Looking for a “vision of a future not built on a transporting to the past”

Charles Blow asks about the Conservative Political Action Conference (CPAC), “Where were the grand conservative thinkers? Where was the philosophical heft?” He’s right to ask about that, and wrong to ask, “Where was the vision of a future not built on a transporting to the past?”[1]

The trouble for conservatives lately—and some of them are getting really, really annoyed about it—is that authoritarian populists (currently known as the “Tea Party”) have, for whatever reason, the loudest voices. But they are only one of seven “schools,” if you can call them that, of conservatism.[2] That’s part of why Blow is wrong to ask about a “vision of a future not built on a transporting to the past.”[3]

Traditionalists, for example, explicitly pine for local governance by “the squire and the parson.”[4] Of course, they would ban abortion. They’re also after contraception and even divorce.[5] In this, they share much in common with social conservatives, who really started to pick up steam when the 13th, 14th, and 15th amendments to the U.S. Constitution and a wave of immigration in the late 19th and early 20th century seemed, at least to some, to threaten white hegemony, which is probably why they historically opposed abortion: They seem to have wanted to keep white women pregnant, preferably with white boys, but at least with white girls to make more white boys.[6] And yes, to the extent that one can take megachurches as representative of social conservatism, it does seem that social conservatives are disproportionately white.[7] One social conservative lamented that an observation he attributed to Martin Luther King, Jr., still seems true, that “Eleven A.M. Sunday morning is the most segregated hour in America.”[8]

I’m almost through analyzing an article by a social conservative who expects to apply the legal standards of the Old Testament in Hebrew villages in Israel to today’s problem of undocumented migrants in the United States.[9] I think I might need a new name for the fallacy of appeal to tradition.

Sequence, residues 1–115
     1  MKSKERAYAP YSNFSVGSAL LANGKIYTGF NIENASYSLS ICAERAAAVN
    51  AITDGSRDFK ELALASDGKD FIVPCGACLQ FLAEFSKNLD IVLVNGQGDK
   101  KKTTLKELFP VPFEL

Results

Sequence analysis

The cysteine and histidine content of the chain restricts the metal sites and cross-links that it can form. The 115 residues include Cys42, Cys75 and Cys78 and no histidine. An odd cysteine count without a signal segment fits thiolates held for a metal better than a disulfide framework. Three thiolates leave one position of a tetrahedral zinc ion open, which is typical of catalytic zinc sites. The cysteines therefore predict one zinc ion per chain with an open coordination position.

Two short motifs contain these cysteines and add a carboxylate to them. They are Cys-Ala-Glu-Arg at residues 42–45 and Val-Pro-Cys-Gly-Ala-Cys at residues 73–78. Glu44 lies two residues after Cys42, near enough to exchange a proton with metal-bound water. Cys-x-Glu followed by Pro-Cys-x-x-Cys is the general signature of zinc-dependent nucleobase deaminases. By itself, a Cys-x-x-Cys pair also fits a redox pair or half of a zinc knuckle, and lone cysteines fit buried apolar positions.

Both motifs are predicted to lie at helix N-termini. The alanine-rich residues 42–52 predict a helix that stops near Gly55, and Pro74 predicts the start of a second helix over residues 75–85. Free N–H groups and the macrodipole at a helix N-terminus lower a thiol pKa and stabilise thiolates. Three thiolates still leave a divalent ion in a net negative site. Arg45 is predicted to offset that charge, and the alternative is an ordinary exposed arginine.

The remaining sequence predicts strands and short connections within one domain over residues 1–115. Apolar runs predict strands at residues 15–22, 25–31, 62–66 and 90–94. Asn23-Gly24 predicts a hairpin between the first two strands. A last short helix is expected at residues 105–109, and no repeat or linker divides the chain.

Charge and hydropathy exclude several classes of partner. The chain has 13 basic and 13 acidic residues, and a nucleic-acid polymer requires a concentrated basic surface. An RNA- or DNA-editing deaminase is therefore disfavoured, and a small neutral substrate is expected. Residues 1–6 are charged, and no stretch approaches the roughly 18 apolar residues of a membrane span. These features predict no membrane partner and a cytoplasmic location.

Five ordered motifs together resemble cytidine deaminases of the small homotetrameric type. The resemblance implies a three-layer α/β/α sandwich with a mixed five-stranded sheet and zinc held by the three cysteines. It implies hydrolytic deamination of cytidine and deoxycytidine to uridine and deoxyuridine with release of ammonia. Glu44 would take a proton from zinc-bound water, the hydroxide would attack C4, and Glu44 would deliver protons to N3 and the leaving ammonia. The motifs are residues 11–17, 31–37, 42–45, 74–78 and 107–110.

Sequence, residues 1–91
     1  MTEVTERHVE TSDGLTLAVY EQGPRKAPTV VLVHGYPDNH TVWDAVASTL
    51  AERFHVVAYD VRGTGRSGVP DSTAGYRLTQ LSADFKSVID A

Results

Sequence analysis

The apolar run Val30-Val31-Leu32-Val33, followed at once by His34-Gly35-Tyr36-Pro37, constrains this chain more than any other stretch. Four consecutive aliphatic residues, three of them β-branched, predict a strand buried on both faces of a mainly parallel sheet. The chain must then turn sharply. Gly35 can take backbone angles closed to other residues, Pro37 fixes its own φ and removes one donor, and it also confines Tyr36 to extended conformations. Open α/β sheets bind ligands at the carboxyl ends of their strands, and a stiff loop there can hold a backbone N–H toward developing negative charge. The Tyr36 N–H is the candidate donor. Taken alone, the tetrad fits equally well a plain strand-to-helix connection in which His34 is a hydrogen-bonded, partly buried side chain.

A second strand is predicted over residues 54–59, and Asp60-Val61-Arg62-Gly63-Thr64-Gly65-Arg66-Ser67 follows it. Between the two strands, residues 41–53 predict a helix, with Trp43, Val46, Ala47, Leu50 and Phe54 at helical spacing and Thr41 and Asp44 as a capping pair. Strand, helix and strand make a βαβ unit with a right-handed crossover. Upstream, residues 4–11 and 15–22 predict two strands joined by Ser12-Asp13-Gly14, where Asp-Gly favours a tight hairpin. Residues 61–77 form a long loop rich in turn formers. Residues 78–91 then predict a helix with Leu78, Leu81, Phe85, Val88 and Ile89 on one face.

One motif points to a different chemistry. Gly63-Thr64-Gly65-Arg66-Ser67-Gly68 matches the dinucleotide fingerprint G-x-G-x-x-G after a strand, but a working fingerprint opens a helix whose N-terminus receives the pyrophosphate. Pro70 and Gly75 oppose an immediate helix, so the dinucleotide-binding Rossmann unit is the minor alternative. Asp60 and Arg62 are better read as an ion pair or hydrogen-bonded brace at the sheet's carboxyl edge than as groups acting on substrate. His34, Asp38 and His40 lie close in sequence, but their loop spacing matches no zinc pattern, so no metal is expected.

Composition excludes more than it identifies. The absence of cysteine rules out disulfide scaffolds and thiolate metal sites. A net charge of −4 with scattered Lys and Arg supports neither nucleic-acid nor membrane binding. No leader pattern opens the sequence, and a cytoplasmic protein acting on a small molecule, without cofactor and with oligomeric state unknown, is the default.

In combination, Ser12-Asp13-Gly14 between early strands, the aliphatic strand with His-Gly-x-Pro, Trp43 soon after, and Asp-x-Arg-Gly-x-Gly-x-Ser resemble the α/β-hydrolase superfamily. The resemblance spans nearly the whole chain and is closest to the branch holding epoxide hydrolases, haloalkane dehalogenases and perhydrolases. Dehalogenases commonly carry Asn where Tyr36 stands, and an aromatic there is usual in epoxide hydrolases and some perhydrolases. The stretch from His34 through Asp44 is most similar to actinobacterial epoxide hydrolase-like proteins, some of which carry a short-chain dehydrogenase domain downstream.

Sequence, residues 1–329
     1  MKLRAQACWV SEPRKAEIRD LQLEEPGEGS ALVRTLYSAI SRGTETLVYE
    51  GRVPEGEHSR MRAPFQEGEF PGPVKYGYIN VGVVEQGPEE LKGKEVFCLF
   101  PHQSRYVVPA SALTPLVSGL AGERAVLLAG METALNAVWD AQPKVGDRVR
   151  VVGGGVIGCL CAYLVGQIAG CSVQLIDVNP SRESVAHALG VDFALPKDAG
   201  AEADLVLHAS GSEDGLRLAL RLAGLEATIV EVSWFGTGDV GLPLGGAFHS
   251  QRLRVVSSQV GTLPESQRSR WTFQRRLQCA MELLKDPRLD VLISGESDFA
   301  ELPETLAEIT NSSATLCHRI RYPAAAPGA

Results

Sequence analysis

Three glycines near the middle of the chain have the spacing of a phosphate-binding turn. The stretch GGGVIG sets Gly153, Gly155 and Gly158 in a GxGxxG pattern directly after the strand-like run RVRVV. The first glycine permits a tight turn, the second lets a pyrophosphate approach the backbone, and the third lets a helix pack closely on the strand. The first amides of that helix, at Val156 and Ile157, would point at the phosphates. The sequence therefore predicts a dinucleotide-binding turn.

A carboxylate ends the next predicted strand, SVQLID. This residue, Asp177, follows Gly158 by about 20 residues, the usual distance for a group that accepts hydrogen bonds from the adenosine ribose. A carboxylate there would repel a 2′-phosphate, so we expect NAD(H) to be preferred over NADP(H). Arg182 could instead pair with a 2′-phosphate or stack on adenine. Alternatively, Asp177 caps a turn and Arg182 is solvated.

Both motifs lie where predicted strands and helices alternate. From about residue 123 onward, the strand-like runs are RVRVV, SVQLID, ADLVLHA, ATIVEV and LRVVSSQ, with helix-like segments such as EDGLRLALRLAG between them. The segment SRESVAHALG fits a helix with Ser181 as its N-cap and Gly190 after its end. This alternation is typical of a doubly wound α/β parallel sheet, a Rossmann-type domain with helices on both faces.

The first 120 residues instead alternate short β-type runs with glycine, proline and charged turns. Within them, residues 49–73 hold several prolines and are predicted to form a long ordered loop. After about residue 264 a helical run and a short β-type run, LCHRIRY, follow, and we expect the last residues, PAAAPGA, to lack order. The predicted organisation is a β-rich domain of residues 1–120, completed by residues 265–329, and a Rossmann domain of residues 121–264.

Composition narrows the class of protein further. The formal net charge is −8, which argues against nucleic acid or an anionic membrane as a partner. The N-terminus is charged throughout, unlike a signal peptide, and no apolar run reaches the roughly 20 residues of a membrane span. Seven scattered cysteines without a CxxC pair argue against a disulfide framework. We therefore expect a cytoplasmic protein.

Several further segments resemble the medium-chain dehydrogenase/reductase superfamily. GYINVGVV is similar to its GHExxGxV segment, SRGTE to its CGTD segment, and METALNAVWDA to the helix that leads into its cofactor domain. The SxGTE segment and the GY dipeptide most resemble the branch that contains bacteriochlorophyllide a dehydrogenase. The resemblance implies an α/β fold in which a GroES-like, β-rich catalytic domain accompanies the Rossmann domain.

The preferred future for a significant number of conservatives lies explicitly in the past. At the very least, conservative historian George Nash repeatedly describes conservatives as “standing athwart history, yelling ‘Stop!’”[10] Traditionalists in particular often argue not only that to attempt to engineer social improvements would run afoul of the plan of the god of Abraham, but that to do so betrays an unbearable arrogance.[11] And authoritarian populists think that their values are sufficient for everybody in the U.S. As Kim Messick put it,

These voters, who figure prominently in the Tea Party, often decline to interpret political conflict as a struggle among interest groups or a good-faith clash of opinion. Instead, they tend to identify the country as a whole with an idealized version of themselves, and to equate any dissent from their values with disloyalty by alien, “un-American” forces.[12]

Blow thus fundamentally misunderstands the conflict between left and right in this country when he expects conservatives to offer a “vision of a future not built on a transporting to the past.”[13] He’s right, however, to look for intellectual heft. Though I strongly disagree with all flavors of conservatism, I’ve seen such heft in abundance particularly among traditionalist conservatives, and definitely not so much among authoritarian populists. But because the latter are now shouting everyone else down, one might also say that we have a conflict between those who accept the value of intellectual endeavor and those who reject it as elitist. As Thomas Frank described the “Cons” (conservatives) of Kansas,